Cushion construction sector to save economy
By Nashon Okowa
| April 18th 2020
There is evidence of a strong relationship between construction activity and economic growth. Put better; the state of a country’s economy and its construction industry are interdependent. Globally, the construction industry contributes approximately 15 per cent share of the world’s GDP and employ about seven per cent of the workforce. According to Kenya National Bureau of Statistics Economic Survey 2018, our construction and real estate industry contributed about 12.4 per cent of the GDP, that is 5.4 per cent and seven per cent respectively. Further, it employs approximately 550,000 workforce of which 60 per cent are informal.
The novel coronavirus has hit the construction industry at a worse time. We must develop deliberate valiant intervention for survival. We cannot hem and haw. Since 2015, the industry growth has been largely on a plummeting path with ignorable glimpses of growth. The challenges have been vast, some like building collapses, its own creation. In light of the government restrictions to curb the virus, it’s undoubted that the domino effect of these restrictions will hit hard, on the informally employed in this sector.
These are, inter alia, the hard working women who toil daily to serve food for construction workers on sites or the manual laborers who must wake up early to be on construction sites by 7am if they are to stand a chance of getting a day’s work. Of course the formally employed are on the line in the coming months. Not to mention the sundry manufacturers of construction products who have to cut down on production and inadvertently lay off some workers as a result of slowed construction works. What scares me is not whether we can control the virus, I think we can and will, but whether we nearly one month after confirming our first case have intervention plans for crucial sectors like construction and real estate.
Should construction be classified as an essential service in this Covid-19 reign? This is a question many nations continue to grapple with. And one we must make our mind about. Australia for instance has classified construction as an essential service and work continues on building sites. Australian Prime Minister Scott Morrison said in an interview that construction site work was needed to keep the economic activity up as it is an important part of economy. “The social distancing can be practiced on construction sites,” he said. "This keeps the economy going; keeps people in work; it keeps supporting people through this.” New Zealand on the other hand has shut down all non-essential construction work while the UK is encouraging construction companies to practice social distancing amidst calls for wider shut down. Can we pronounce ourselves on this as country? We seem to have left construction sites to continue running but cut off supply of sand into Nairobi in recent containment yet it is a critical construction material. We must decide what we want?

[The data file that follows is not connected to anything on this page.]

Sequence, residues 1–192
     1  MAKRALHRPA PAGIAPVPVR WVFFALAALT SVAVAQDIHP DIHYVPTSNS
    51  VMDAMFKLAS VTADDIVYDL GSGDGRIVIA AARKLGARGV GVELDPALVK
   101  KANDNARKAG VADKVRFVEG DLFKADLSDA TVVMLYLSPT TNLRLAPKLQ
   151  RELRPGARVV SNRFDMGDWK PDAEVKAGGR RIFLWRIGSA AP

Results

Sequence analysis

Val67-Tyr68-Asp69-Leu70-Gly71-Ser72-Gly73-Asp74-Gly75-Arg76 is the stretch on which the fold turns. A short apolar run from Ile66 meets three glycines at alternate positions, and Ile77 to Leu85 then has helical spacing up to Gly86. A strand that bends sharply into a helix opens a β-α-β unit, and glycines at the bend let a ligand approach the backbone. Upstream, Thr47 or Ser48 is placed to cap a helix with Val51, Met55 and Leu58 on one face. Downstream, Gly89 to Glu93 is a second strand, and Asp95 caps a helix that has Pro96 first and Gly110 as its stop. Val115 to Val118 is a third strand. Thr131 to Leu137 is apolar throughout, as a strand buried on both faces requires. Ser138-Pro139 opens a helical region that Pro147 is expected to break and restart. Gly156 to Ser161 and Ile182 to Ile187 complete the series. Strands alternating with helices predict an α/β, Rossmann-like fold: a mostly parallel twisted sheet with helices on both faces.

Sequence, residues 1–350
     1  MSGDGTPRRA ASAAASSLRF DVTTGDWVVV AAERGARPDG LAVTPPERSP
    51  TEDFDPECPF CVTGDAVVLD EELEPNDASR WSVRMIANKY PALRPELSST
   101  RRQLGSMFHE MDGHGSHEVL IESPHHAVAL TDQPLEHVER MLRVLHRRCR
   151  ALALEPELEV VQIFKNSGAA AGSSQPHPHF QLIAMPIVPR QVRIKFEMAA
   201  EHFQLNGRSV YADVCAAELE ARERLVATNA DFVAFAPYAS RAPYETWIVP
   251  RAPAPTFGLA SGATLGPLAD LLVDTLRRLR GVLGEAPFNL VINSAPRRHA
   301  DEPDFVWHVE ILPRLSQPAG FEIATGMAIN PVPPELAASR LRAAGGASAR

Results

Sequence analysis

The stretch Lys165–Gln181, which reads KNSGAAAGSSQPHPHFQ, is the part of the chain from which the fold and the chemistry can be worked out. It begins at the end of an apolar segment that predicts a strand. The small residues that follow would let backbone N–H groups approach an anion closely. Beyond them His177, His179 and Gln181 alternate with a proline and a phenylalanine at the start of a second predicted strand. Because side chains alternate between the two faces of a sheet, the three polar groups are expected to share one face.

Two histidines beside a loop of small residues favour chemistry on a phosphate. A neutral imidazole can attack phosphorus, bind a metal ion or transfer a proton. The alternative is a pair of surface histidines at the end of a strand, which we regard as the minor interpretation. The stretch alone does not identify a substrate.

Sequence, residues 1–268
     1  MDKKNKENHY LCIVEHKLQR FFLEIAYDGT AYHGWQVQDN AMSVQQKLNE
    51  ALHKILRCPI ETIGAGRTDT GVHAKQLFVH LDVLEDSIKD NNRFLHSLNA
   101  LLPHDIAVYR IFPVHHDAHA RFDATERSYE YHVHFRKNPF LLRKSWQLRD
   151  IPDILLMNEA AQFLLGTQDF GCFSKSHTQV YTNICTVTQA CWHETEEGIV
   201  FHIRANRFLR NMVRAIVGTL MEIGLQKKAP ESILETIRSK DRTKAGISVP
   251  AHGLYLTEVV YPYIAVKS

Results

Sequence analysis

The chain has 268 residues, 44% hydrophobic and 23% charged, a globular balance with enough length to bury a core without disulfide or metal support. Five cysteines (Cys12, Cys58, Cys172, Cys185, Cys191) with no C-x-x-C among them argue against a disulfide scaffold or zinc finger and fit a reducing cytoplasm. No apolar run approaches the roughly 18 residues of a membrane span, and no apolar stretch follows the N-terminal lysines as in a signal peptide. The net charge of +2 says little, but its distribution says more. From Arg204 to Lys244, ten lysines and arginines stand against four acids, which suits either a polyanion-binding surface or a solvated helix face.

I wouldn’t expect the robust government interventions into the construction industry witnessed in the developed world. True, we don’t have the kind of resources to provide for instance allowances for employers with eligible employees affected by stay at home notices or even offset 75 per cent of wages in April and 25 per cent for next couple of months. But there are interventions within our reach.
Let us begin by extending at least for three months all construction levies that is construction licences, business permits and statutory approvals. It should be expressly stated that there will no liability for non-performance contracts, no liquidated damages shall be charged. Further government should intervene for deferment of loan payments for SME contractors. How about putting a plan for a fortnightly progress payment claims in public sector projects instead of monthly? This could be a fore plan to jump-start the industry and economy. Or even one-off mandatory advance payment plan for all contractors in public sector projects during the Covid-19 break. These are options we must put in place for short and long term benefits. Like our counterpart countries, we need a plan.
- The writer is chair of Association of Construction Managers of Kenya. [email protected]
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